3. Ada (used in safety critical projects and at least three OS's on limited hardware)
  4. PL/0 (MULTICS)
  5. Modula (used in CVSup and some academic projects for correct system software)
  6. Smalltalk and Haskell were used for prototype OS's or OS replacement layers.
  7. Cyclone, Popcorn, C0, and Typed Assembly Language do better than C while keeping much of it.

Additionally, languages with a runtime can be used if the lowest level parts are implemented by another language. Microsoft's Verve and the JX Operating System are examples. For an old school one, look up the Genera LISP Machine and it's "advantages." You still can't do much of that in modern systems development with C/C++ toolchains. ;)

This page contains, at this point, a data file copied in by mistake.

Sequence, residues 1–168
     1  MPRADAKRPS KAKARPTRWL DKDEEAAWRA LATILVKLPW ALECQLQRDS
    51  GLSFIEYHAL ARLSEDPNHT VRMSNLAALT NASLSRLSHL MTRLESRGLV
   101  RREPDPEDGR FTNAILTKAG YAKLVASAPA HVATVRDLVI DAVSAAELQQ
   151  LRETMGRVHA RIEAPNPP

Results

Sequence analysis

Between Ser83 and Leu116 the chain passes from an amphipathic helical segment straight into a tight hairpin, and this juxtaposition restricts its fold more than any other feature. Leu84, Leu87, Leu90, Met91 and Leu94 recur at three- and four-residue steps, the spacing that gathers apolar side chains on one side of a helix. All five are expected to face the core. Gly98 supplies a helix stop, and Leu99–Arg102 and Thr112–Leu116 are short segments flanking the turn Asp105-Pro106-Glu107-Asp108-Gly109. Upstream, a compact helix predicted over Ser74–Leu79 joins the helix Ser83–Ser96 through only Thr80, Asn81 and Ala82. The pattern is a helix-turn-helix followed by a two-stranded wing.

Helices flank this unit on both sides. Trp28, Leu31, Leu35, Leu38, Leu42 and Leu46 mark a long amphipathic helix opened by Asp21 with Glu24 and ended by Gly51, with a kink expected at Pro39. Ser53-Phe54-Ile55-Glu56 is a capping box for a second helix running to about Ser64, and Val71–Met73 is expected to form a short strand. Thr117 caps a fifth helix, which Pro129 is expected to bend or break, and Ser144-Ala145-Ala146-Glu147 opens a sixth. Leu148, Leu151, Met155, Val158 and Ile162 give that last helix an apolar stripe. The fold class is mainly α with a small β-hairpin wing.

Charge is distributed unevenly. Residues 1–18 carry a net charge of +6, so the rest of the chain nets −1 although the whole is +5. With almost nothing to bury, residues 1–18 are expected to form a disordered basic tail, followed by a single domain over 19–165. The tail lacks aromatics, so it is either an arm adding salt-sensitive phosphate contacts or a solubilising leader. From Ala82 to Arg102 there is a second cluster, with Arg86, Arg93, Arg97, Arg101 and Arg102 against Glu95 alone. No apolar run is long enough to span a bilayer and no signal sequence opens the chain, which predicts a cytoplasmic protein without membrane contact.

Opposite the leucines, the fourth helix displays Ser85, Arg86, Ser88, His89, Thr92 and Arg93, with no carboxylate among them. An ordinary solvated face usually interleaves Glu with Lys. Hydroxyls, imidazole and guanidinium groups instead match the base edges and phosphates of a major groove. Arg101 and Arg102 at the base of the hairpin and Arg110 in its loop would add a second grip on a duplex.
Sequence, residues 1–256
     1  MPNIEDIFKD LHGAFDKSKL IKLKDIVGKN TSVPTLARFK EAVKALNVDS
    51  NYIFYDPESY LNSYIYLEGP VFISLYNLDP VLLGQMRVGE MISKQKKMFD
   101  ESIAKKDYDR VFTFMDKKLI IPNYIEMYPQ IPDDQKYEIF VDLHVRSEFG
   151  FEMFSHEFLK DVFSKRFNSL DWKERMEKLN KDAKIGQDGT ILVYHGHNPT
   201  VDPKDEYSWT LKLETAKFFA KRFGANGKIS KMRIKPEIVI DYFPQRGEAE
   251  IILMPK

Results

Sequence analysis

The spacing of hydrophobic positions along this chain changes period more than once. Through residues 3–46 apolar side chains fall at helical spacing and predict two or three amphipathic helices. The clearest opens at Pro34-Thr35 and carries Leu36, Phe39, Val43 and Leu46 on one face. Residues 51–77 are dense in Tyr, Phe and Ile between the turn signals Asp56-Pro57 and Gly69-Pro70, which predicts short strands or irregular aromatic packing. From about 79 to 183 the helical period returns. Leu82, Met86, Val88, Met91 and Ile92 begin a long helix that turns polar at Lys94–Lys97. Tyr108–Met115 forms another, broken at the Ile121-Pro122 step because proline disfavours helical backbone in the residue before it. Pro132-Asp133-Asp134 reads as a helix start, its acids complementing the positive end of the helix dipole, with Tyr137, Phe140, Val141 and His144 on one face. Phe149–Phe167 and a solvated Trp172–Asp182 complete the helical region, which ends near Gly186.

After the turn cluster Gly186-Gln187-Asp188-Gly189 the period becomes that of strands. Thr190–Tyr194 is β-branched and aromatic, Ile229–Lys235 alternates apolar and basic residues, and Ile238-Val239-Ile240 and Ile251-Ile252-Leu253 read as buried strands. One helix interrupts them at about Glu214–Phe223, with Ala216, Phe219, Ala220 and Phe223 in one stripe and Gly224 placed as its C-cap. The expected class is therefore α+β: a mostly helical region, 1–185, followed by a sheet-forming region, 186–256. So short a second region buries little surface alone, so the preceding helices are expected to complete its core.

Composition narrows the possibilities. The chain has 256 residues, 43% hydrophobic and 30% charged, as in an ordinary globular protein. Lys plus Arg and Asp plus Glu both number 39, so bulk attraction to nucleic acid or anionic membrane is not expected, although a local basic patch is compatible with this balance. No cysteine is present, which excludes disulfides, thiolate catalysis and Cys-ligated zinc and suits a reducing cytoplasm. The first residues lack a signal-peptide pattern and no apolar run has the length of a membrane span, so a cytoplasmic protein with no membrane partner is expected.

So, even if C isn't totally replaceable, it's mostly replaceable in most situations without much performance loss. Have fun with these.

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I don't think C is low level enough. I would suggest assembly language. As far as I know, it's the lowest level a programmer could go. But you still have to deal with assembler, linker and loaders. There're still many detail things related to the target platform.

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There are platform specific low level languages, such as assembly languages and machine codes. With comparing these with C, C is rather high level language.

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What do you exactly mean by low level?

C is also used for high level stuff like user interfaces (the whole GNOME Desktop, and its library GTK are written in C).